Top officials ignored ample warnings of an impending attack on Iraq's second city Mosul and grossly mismanaged the crisis that saw jihadists seize it, a parliamentary report obtained by AFP says.
The Islamic State (IS) jihadist group's capture of Mosul in June 2014 might have been avoided if senior officers and officials had performed competently and acted on multiple detailed intelligence reports warning of the attack.
The report names a number of top officials, including ex-premier and now-vice president Nuri al-Maliki, as responsible for the fall of the capital of Nineveh province.
"Those who were informed about the security situation in the province knew... that this situation would surely happen," said the report, the product of a parliamentary inquiry that has been referred to the judiciary for possible legal action.
"All the information clearly indicated that," according to the report, which has not been publicly released. "The only surprise was the speed with which the military units collapsed."
"The poor performance of the security commanders who led the battle... destroyed the last hope for the city's resistance. These commanders made a number of grave mistakes that accelerated the security collapse."
Key intelligence information pointing to the impending attack was apparently ignored, including reports in May 2014 indicating that an attack on Mosul would take place the following month.
Of even greater importance was information obtained from a captured IS commander who said the attack would begin on the morning of June 6, identified the planned line of advance into Mosul, and revealed the locations, strengths and armaments of sleeper cells inside the city.
- Battle lost before it began -
The IS assault -- which eventually overran a third of Iraq -- began as scheduled.
One of the first engagements began after a policeman contacted his commander to report a column of vehicles, the report said.
The commander said he believed they were friendly, but upon being told the column, which was led by two Humvees, was made up of civilians and included pickup trucks mounted with machineguns, ordered the policeman to open fire.
In many ways, the battle for Mosul was lost well before the first shots were fired.
IS was entrenched in Mosul, running an extortion racket that helped it generate $11 million per month, the report said, and relations between security forces and citizens were poor.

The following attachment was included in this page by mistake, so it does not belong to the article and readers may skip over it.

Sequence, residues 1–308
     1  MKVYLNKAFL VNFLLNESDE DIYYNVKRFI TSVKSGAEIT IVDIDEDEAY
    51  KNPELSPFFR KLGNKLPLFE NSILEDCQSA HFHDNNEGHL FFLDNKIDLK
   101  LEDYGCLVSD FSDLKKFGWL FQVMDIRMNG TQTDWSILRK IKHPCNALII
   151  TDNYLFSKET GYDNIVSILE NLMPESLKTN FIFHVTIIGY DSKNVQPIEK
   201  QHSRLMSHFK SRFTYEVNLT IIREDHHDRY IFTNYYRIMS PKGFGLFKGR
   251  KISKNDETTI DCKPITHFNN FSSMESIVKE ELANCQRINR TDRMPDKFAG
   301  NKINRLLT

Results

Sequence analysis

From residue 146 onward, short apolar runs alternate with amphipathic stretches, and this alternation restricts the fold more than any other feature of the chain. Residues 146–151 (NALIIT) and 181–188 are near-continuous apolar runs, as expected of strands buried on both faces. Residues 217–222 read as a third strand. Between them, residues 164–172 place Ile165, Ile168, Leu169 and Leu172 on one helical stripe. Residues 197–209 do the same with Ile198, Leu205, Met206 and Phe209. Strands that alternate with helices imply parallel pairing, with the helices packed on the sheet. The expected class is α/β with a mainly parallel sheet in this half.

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Maliki and others also made decisions that fundamentally weakened the army, including units in Nineveh, most of which were only at 50 to 60 percent strength.
He selected "incompetent leaders and commanders under whose leadership all types of corruption were practised," the report said.
Commanders did not hold members of the security forces to account for corruption, "widening the gap between the people and the security services".
And the military as a whole was undermined by Maliki's lack of "commitment to building the capabilities of the new Iraqi army".
Units were formed "without concern for basic training and quality armament and focusing on numbers in the overall force of the army at the expense of competence and training and quality," the report found.
- Burning Humvees, missing soldiers -
Iraqi ground forces commander General Ali Ghaidan meanwhile failed to resupply units in Mosul with soldiers and equipment, and withdrew units from Nineveh for deployment in other provinces, the report said.
And deputy army chief of staff General Aboud Qanbar "did not take the necessary measures regarding the ongoing security failures that preceded the fall of Mosul."
The experience of Staff Brigadier General Fadhel Jawwad Ali, who arrived on June 8 to take up command of the 2nd Division, illustrates the dire state of security forces in Mosul before its fall.
He found checkpoints lightly manned, vehicles that did not work and one unit that should have numbered 500 men only staffed by 71.
When Ali asked to see a defensive line, officers pointed out a street with two burning Humvees and bodies lying on the ground.
Qanbar's bungling continued once Maliki dispatched him and Ghaidan to Mosul to address the crisis.
According to the report, Qanbar misunderstood the situation in Mosul, and was responsible for "great confusion that hit the command of the battle".
The night before the IS takeover, he withdrew from western Mosul with "more than 30 armoured vehicles carrying people, greatly harming the morale of the fighters".
IS used the withdrawal "to spread news of the escape of the leaders".
Earlier on June 9, Qanbar had ordered that an operation to retake lost areas of west Mosul be planned for the following day.
"It was not implemented because the operations ended with the fall of Mosul," the report said.